The development of new-onset type 2 diabetes associated with choosing a calcium channel blocker compared to a diuretic or beta-blocker

Effie L Kuti, William L Baker, C Michael White
Current Medical Research and Opinion 2007, 23 (6): 1239-44

OBJECTIVE: It has been acknowledged that patients who receive a beta-blocker or diuretic based regimen are at increased risk of developing new-onset diabetes. Recently, angiotensin-converting enzyme inhibitors (ACEIs) and angiotensin receptor blockers (ARBs) have been shown to decrease patients' odds of developing new-onset type 2 diabetes. A number of large placebo-controlled multi-center trials in post-myocardial infarction and heart failure patients have shown the ability of renin-angiotensin-aldosterone system medications to reduce the onset of type 2 diabetes. Pharmacologic data has shown improved insulin sensitivity with ACEIs and ARBs. Controversy persists regarding the influence of calcium channel blockers on the development of new-onset diabetes.

RESEARCH DESIGN AND METHODS: Two reviewers conducted a systematic literature search of Medline, EMBASE, CINAHL, and the Cochrane Library (1966 to December 2006) to extract a consensus of trial data involving calcium channel blockers versus diuretics or beta-blockers with an endpoint of new-onset type 2 diabetes. Studies were included if they were randomized controlled trials versus routine treatment, not observational studies of clinical practice. A random-effects model was utilized. Subgroup and sensitivity analyses were conducted.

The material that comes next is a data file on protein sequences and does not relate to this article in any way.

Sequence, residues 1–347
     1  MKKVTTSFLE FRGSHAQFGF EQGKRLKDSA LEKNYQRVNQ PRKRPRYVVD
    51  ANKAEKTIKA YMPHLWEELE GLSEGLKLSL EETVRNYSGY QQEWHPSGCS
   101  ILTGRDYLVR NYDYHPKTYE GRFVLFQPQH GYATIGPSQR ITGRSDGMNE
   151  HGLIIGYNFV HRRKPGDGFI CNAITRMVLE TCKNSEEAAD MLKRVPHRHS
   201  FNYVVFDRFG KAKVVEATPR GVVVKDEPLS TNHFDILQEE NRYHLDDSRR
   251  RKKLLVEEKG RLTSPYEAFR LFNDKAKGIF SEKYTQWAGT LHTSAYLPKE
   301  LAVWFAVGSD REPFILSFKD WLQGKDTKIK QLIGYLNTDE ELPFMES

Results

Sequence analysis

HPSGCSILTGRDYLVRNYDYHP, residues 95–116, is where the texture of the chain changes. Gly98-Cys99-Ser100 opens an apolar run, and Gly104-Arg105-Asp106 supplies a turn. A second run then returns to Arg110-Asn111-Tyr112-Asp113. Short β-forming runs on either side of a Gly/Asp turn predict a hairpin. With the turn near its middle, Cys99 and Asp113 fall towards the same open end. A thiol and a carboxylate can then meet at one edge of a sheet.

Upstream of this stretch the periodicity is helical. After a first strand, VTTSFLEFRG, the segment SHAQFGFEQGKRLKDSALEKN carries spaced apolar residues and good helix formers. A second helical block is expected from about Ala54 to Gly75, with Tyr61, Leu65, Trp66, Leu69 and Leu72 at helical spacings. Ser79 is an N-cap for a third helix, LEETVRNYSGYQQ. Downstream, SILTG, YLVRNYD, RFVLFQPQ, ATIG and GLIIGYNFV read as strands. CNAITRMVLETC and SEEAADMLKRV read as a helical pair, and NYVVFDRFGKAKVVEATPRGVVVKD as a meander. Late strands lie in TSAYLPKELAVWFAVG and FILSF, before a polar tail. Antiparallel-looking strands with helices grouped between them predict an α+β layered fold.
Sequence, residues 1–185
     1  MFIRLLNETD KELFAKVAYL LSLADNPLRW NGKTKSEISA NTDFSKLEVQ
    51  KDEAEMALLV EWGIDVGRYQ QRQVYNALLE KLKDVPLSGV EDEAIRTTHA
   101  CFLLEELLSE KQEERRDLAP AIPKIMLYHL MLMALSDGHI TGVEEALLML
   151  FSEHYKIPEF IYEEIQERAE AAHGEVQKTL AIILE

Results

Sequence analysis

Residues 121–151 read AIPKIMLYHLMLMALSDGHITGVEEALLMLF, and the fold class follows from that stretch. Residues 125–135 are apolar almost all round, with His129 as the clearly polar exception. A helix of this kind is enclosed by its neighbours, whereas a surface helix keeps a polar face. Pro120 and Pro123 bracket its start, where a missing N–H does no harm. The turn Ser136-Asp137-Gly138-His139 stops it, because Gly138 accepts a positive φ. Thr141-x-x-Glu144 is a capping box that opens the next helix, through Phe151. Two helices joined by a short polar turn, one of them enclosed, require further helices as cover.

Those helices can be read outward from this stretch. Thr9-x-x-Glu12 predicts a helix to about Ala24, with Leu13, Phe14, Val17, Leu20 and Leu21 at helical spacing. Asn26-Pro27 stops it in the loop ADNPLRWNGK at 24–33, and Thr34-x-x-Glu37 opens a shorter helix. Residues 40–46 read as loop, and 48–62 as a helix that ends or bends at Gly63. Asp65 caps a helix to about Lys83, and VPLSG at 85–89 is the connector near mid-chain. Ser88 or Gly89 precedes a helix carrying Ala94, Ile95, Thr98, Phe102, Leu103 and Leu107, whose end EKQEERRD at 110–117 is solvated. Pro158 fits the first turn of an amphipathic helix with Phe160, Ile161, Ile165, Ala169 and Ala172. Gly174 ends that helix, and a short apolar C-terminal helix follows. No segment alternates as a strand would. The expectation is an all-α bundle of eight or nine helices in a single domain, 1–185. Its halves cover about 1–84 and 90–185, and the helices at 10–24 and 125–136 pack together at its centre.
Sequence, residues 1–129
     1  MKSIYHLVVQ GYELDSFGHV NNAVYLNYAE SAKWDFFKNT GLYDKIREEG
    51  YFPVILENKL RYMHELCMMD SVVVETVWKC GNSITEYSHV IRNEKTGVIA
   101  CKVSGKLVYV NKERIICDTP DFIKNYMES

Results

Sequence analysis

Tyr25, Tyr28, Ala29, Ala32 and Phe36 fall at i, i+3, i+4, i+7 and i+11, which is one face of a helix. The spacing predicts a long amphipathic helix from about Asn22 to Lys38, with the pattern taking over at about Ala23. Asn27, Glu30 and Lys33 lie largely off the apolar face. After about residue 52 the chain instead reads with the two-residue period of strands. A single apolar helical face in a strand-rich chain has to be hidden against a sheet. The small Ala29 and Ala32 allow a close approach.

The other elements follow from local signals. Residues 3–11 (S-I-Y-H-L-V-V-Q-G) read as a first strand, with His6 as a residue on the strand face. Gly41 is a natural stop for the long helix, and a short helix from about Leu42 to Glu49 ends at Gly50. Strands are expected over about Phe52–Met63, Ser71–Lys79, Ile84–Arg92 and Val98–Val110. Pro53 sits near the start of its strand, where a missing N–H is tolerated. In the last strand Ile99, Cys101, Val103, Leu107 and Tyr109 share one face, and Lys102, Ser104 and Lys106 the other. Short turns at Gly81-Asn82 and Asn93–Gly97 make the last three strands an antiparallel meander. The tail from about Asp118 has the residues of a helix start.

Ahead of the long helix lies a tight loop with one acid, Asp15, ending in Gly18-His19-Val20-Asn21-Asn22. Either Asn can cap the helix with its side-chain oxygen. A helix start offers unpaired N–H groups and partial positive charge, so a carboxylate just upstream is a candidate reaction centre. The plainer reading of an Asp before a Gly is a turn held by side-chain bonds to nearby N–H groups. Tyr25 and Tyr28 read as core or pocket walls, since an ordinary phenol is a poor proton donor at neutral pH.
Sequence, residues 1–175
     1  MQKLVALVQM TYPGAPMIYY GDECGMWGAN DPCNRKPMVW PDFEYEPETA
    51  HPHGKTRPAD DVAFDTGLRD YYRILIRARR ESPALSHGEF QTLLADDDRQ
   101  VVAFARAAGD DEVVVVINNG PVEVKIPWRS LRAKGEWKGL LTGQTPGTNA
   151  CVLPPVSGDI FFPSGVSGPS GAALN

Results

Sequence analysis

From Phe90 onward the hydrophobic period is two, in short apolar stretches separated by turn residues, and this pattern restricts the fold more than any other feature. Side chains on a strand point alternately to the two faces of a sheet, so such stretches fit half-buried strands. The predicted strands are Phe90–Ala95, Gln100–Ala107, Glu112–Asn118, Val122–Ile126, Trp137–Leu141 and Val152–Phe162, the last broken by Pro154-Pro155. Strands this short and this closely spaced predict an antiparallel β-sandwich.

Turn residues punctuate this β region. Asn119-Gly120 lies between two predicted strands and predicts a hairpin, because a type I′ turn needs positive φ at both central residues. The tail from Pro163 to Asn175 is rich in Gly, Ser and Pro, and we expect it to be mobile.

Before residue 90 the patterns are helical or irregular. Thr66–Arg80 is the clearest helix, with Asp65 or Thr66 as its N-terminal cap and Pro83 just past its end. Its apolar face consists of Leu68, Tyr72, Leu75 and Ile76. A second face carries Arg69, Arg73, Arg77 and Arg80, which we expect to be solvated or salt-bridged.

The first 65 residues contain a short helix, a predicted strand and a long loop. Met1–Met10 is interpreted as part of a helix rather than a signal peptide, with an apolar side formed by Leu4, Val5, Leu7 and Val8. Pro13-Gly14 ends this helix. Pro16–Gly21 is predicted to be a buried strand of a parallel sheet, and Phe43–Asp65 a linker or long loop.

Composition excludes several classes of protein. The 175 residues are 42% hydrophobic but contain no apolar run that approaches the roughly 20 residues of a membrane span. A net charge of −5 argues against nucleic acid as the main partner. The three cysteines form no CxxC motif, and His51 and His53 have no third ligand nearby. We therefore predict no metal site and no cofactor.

RESULTS: Out of 1721 trials, six meeting inclusion criteria were identified, including 99 006 patients. Calcium channel blockers were associated with a reduced incidence of new-onset type 2 diabetes (odds ratio 0.81; 95% confidence interval [CI] 0.73-0.90; p = 0.0001) compared with diuretic or beta-blocker therapy. The reduction in new-onset type 2 diabetes was maintained when a calcium channel blocker was compared to only thiazide diuretics (OR 0.86; 95% CI 0.75-0.99; p = 0.0346). The meta-analysis was limited by the varying definition of new-onset type 2 diabetes mellitus, as well as the potential for publication bias, which is a limit of any meta-analysis.

CONCLUSIONS: Calcium channel blockers may be associated with reduced odds of developing new-onset type 2 diabetes compared to diuretics and beta-blockers.

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